The Telegram phishing market
In recent years, the online messaging app Telegram has been gaining popularity with users as a fast and secure alternative to apps such as Facebook Messenger and WhatsApp. This rise in popularity has also been affected by cyber-criminals who have already sunk their hooks into the platform for nefarious usage. Cyber-criminals have not just used Telegram as a platform to perform their attacks, they have also used it to sell their services and phishing kits to anyone who is willing to pay. To promote their services, attackers create channels on Telegram in which they educate users on how to use the services they’re providing, and these channels are advertised on various social network platforms such as Reddit and YouTube.
Automated phishing via Telegram bots
Telegram bots are commonly used by businesses in customer support functions and for business related FAQs, but bad actors make use of Telegram bot accounts to generate phishing pages and harvest user data. Phishing campaign operators allow cyber criminals to configure phishing kits via Telegram bots including language and target service. Criminals then distribute the list of generated phishing links provided by the bot and any harvested credentials are relayed to the criminal by, you guessed it, another Telegram bot. Telegram provides the complete platform to enable underground criminal markets to sell and distribute malware and leaked user data, which falls in line with recent trends of malware as a service (MaaS).
Along with free services provided by scammers, Telegram channels are used to advertise and sell “premium” phishing kits and pages which provide more features than those offered for free. These features can include elements of social engineering, anti-detection systems and promises of prizes or money to entice a user to pursue further. These types of kits come at a price, which could be as low as $10 per page up to $300 for a fully functioning phishing site.
Another paid service that attackers advertise using these Telegram channels is user data that has already been obtained. This data could include the details used to log into a user’s bank account with full access to the account and all the funds found within it, and the attacker will usually sell it on for a certain price depending on how much is in the account (e.g. an account with $1400 could be sold for just $110).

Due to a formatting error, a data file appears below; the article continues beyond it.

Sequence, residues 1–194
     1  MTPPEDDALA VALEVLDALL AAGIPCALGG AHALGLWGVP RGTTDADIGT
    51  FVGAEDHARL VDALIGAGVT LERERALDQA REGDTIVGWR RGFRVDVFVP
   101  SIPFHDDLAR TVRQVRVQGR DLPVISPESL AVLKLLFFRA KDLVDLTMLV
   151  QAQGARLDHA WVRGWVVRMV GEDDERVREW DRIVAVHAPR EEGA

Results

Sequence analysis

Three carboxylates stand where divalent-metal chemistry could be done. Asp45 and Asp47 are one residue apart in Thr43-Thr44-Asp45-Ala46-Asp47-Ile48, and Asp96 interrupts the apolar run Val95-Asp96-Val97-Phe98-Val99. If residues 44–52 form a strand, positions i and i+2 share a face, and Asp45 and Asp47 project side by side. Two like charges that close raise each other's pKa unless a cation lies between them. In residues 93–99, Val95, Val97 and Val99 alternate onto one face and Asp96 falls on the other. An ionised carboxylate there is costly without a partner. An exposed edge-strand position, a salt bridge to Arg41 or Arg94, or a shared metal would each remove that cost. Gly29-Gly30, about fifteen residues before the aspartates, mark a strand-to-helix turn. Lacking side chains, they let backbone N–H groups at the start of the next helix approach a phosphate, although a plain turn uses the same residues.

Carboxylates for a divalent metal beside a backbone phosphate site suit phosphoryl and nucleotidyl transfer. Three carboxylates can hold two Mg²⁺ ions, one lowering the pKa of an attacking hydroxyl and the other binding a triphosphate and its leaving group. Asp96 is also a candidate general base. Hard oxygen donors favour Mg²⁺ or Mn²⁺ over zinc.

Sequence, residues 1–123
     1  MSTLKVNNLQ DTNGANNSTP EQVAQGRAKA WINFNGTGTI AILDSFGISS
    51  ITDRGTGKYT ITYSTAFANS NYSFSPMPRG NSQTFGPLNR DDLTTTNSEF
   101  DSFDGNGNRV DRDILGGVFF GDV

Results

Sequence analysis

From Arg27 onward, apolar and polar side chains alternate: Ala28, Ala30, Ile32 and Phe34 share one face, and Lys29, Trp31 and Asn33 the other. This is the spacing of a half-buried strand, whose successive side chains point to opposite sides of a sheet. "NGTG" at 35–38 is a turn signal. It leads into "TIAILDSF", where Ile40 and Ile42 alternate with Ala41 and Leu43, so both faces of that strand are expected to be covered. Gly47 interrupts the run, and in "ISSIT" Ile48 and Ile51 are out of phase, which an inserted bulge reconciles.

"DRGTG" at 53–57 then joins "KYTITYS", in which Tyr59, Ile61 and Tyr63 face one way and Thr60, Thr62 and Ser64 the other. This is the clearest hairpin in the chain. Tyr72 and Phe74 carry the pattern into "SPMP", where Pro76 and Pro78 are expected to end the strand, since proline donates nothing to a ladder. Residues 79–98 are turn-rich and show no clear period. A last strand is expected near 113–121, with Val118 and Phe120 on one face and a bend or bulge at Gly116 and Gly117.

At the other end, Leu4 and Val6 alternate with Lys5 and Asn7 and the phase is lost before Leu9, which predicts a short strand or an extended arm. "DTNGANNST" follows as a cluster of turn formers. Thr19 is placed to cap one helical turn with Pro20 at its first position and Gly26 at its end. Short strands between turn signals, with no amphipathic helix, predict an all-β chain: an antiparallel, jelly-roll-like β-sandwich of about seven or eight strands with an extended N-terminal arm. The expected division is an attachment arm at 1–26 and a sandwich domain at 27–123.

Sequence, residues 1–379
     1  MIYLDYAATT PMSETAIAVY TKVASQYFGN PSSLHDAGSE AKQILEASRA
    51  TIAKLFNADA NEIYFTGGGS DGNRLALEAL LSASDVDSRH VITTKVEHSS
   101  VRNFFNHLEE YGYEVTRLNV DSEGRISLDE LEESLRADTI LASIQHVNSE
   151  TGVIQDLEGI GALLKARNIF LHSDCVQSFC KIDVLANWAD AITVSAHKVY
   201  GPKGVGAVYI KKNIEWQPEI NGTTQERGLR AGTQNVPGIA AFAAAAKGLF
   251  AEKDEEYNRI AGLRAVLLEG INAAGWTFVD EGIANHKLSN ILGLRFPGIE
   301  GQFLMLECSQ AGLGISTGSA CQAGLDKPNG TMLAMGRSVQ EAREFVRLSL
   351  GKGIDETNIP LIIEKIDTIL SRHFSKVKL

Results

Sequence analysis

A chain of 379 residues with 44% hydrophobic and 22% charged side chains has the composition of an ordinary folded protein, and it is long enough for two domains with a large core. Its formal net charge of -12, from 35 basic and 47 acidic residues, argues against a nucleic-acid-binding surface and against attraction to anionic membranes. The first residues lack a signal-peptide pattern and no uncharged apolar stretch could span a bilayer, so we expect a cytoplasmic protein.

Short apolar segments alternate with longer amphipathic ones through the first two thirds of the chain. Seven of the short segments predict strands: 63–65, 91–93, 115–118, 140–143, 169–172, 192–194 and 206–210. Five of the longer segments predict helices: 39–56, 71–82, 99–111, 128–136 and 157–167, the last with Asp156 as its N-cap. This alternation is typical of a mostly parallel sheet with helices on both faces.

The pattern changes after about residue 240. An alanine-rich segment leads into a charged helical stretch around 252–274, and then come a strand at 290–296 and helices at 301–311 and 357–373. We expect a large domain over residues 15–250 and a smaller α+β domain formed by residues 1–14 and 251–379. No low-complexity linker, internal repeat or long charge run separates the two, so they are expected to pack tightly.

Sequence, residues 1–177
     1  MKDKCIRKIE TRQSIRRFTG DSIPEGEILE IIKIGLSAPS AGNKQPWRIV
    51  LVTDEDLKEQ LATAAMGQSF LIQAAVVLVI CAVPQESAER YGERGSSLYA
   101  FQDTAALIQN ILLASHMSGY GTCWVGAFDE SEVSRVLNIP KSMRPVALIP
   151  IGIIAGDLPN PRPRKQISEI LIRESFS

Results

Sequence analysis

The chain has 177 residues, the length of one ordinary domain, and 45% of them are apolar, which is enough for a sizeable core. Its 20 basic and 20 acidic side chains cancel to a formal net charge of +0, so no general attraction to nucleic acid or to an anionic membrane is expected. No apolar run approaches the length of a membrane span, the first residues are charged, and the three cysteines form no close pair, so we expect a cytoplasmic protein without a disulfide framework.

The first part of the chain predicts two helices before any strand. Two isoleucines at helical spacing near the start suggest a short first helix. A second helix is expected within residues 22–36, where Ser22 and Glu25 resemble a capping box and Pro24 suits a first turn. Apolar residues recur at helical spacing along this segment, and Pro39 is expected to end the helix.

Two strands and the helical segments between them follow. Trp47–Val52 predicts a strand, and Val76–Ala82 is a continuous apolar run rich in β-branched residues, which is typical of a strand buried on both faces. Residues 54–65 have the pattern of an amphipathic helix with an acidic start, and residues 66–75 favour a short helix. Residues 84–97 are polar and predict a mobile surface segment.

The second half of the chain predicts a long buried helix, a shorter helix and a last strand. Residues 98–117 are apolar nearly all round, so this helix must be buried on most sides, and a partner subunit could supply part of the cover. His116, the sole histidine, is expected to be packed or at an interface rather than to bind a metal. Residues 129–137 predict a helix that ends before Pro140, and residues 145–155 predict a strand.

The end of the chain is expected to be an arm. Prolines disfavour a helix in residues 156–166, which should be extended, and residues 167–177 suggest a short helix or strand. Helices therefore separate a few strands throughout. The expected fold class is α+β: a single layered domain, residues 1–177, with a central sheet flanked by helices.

The Cyber Safety and Phishing module from norm. can educate users on how to spot a malicious email with simulated phishing emails putting this to the test.
Sophos command injection vulnerability
Sophos have resolved several security vulnerabilities with the release of Sophos Web Appliance (SWA) 18.104.22.168. SWA is a hardware appliance directly connected to your network that acts as a traffic gateway to block access to malicious content while scanning inbound traffic simultaneously, all via a browser-based dashboard.
Sophos’ bug bounty program had an external security researcher responsibly disclose a pre-auth command injection vulnerability in the warn-proceed handler allowing execution of arbitrary code. CVE-2023-1671 has a critical severity rating of 9.8 and is present in SWA 22.214.171.124 and below.
Sophos have also patched two further CVEs with this latest update both were also responsibly reported via their bug bounty program. The first, CVE-2022-4934, is a post-auth command injection vulnerability in the exception wizard allowing administrators to execute arbitrary code.
Make sure you have the latest version of Sophos Web Appliance (SWA) 126.96.36.199. Sophos provides direct and automated updates for these security advisories. Finally, ensure that your SWA devices are protected by a firewall and cannot be accessed via the public internet.
Sophos Web Appliance will be going end of life on 20th July 2023 which means updates will no longer be provided. Please consider this date when planning infrastructure upgrades.